Growing up, Grandma Lily was my favorite. She was the soft and sweet one, the one most likely to hug and tell you you how smart and wonderful you were. Lily was the one who fed the birds and chipmunks in her yard every morning and spoke affectionately to their dog, an odd Beagle-Dachshund mix named Suzie, as it waddled after her from room to room.
As I grew older, she is also the mother figure that was the most complicated for me to understand.
It is hard not to remember Lily without pairing her with Grandpa Louis. Louie was a tough guy. Smart, funny, strongly opinionated and often hard to get along with, and Lily was his flip side, equally smart and funny but an expert at smoothing things out or calming things down when Grandpa made waves.
When I was eight years old, Louie gave me an Audubon book about birds and I felt the compulsive need to study it so I could hold my own in conversations with him. At the same time, Lily took me on walks around their property and pointed out the birds, laughing joyfully about her favorite little Ruby-Throated Hummingbirds and the more aggressive Rufus Hummingbirds who would dive bomb us as we approached their feeder.
As a teenager, I remember being angry with her for a time. Why didn’t she stand up for herself more or put Grandpa in his place when he clearly stepped out of line? Things were so black and white when I was young.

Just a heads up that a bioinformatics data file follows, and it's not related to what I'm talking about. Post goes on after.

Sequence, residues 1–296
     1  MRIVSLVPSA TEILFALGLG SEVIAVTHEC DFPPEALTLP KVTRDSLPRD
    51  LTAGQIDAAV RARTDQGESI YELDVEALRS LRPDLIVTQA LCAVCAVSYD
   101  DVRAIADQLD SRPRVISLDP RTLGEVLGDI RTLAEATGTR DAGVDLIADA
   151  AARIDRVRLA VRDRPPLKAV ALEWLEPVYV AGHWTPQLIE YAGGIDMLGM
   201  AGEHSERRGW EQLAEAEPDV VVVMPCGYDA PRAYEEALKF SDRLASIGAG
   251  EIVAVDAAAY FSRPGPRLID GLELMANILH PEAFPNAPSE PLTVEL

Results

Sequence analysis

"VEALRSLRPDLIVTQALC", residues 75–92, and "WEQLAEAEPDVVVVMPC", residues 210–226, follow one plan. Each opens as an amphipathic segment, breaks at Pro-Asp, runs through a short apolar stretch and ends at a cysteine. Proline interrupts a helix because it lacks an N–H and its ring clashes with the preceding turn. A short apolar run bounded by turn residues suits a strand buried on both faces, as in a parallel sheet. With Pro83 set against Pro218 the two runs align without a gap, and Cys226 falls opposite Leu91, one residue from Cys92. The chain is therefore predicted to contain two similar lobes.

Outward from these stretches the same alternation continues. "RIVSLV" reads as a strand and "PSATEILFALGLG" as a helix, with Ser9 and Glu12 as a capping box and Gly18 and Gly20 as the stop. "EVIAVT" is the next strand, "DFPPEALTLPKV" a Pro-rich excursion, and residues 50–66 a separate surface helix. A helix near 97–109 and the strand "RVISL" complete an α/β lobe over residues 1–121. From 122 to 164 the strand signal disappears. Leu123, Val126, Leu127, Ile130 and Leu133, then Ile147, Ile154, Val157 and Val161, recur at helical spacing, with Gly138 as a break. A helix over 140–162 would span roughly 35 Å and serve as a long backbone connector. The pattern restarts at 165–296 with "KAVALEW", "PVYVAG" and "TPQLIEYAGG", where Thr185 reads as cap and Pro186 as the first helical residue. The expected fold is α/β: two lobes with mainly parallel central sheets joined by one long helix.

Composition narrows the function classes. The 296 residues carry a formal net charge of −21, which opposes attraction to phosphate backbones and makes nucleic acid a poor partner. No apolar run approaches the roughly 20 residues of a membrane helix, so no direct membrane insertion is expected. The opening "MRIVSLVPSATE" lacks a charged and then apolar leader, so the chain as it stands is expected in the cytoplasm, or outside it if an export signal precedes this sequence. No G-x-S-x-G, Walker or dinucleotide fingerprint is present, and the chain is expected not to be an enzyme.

Shortly after my grandpa passed, she installed new carpet at their house. It was god awful, egg yolk yellow with orange and green stripes, and was completely different than anything else in their home, which was very European with its mossy rock walls, wood burning stove and pine cabinetry. Lily didn’t tell anyone that she was putting the carpet in and she didn’t care what anyone thought about it. That stupid sunny carpet was the first thing in years that was hers alone and she loved it, and that small rebellion made me love her more.
Now that I am a married adult, I see Grandma Lily in a different light. She was not just a peacemaker or a quiet housewife, but she truly loved those around her and would have given anything to protect them. When Lily was older and in assisted living, she told me stories about Louie, his overly strict and traditional Catholic family in Germany, how he tried to escape consignment into the German Army in WWI, and how he fought to buy and build his own business as an unpopular immigrant in the U.S. during the Depression and WWII. She painted his story and struggles in colorful strokes where I saw only black and white before.
While life was not always easy with Louie, Lily loved him and saw who he truly was under the rough edges. She gave her heart completely, regardless if it was easy or hard to do.
Thanks, Grandma Lily, for sharing your heart.